I don't know... the repuglicans have NO qualms about initiating some major fascist police state functions. I'd say there should be a way to stop such nonsense. There is a turning of the worm as it were with new ways to engage the political system by your average citizen and I'm hoping a new generation will get smarter and find ways to clean out these trogladykes and slack jawed southerners back to the porch.

Posted by: WmLaney | December 27, 2010 2:18 PM | Report abuse

If the Senate's rules are not reformed to modify the filibuster, it will just perpetuate the kind of gridlock we've seen in this last year. The nation's work will continue to be done in haste, or be done badly, or not be done at all.

While the Senate and House have the right under the Constitution to create their own rules, how can it be legally possible to adopt rules which, in effect, prohibit the work the Constitution mandates?

Posted by: tomcammarata | December 27, 2010 2:28 PM | Report abuse

The choosing of Senators by state legislatures resulted in the Senate initially being an incredibly reserved and deliberative institution. With the 17th amendment, the popular election of Senators made the Senate much more democratic and responsive to the people. The rise of the filibuster counteracted that trend, in many ways making a similar institution to the one the Founders intended.

Posted by: KeshavSrinivasan | December 27, 2010 2:41 PM | Report abuse

*I don't know... the repuglicans have NO qualms about initiating some major fascist police state functions. I'd say there should be a way to stop such nonsense.*

I don't think the filibuster is going to make much of a difference here. The filibuster's primary purpose has always been to stymie progressive legislation that protect individual freedoms, not to slow down encroachments of freedom or increases of power for law enforcement. The PATRIOT Act, of course, passed with only 1 or 2 dissenting votes. And the "conservative" voters sent that dissenting Senator, Russ Feingold, packing this past November.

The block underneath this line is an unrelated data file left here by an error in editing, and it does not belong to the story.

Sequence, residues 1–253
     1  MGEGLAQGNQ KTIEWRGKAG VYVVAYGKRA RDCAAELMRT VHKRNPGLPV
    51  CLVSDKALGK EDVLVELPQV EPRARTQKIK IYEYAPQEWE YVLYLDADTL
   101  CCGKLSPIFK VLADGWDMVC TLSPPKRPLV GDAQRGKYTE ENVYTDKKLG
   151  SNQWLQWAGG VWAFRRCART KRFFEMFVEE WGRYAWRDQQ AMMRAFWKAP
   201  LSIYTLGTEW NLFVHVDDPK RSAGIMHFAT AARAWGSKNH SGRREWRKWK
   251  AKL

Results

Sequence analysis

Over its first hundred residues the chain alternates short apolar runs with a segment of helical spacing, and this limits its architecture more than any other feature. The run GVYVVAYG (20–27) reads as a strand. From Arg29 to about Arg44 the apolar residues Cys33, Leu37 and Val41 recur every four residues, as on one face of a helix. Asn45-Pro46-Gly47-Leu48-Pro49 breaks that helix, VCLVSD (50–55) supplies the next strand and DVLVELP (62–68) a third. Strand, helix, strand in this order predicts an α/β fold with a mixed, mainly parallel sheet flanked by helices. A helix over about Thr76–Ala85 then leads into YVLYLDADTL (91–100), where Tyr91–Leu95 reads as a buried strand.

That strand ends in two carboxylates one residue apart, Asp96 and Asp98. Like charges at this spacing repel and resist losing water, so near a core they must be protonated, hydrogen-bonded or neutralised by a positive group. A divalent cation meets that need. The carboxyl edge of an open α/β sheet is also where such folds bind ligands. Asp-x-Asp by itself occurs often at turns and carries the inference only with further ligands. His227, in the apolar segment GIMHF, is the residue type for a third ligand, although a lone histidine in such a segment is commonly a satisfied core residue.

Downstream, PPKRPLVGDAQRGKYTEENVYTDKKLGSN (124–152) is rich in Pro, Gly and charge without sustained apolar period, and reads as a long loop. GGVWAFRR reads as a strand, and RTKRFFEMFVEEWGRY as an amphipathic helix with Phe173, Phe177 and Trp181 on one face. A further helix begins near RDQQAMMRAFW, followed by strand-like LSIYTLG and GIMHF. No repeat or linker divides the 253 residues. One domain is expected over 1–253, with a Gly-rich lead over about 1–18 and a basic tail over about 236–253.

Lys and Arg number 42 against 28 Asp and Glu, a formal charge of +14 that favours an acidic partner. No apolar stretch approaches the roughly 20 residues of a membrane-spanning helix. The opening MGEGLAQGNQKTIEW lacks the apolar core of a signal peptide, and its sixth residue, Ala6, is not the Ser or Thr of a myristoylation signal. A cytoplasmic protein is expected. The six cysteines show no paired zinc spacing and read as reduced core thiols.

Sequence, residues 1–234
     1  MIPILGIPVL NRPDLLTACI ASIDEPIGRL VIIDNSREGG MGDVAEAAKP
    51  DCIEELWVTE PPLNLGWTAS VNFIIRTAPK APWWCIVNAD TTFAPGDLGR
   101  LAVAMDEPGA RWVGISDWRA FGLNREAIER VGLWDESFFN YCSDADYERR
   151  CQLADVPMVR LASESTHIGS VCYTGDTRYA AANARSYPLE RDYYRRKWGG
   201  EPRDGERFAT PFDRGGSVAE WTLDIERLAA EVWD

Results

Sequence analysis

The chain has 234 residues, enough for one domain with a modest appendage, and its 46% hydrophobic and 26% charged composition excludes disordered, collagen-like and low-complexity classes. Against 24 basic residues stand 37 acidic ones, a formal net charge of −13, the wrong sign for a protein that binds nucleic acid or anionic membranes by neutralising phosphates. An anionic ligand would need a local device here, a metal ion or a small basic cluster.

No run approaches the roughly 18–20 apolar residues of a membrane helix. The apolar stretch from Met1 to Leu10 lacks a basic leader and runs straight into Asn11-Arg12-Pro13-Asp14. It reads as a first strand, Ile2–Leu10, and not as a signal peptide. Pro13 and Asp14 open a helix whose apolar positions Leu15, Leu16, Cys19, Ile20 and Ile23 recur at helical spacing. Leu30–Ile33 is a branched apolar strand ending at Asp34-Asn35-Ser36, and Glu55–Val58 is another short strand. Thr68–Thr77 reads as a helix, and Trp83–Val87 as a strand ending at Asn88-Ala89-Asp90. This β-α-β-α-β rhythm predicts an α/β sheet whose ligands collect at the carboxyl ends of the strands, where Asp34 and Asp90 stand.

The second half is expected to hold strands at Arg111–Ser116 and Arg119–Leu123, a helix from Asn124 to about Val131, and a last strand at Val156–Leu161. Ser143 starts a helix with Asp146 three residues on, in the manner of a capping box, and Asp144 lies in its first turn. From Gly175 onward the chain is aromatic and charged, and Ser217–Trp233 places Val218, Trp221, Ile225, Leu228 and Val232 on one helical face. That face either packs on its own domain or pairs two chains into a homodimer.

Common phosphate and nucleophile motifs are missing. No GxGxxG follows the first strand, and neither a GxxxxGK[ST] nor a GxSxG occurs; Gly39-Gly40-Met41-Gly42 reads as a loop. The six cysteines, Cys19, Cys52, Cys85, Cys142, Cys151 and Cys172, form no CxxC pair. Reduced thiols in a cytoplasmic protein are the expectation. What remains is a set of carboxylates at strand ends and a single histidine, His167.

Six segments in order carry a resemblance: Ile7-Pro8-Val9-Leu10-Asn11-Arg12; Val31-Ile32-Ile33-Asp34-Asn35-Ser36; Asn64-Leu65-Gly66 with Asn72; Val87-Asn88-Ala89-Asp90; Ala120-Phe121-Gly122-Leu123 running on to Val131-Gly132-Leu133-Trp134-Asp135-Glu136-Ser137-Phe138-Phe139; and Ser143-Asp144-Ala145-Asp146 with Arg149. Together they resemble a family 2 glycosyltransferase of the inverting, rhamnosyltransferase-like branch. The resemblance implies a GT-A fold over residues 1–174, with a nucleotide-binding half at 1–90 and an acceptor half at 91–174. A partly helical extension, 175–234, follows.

Keshav is sort of correct in that with the state-legislature-appointed Senators, senators were more likely to do the bidding of the various corporate and monied interests of their states who controlled the legislatures and that the filibuster has served a similar role, allowing the Senate to stymie federal anti-lynching and civil rights laws.

There could be some kind of cultural and demographic shift such that a minority of senators would agitate to filibuster against conservative legislation, but that has not happened, I do not expect it to happen any time soon. The filibuster only serves conservative interests, not liberal interests, and thus is itself a "biased" institution.

Posted by: constans | December 27, 2010 3:22 PM | Report abuse

Couldn't agree more with your overall premise, that an argument can be made that the filibuster itself is "unconstitutional" in the broadest sense of the term. Still, I wish Democrats (or Republicans, for that matter) wouldn't wait until their majorities suffer before broaching a change to it. It reeks of, for want of a better term, sour grapes.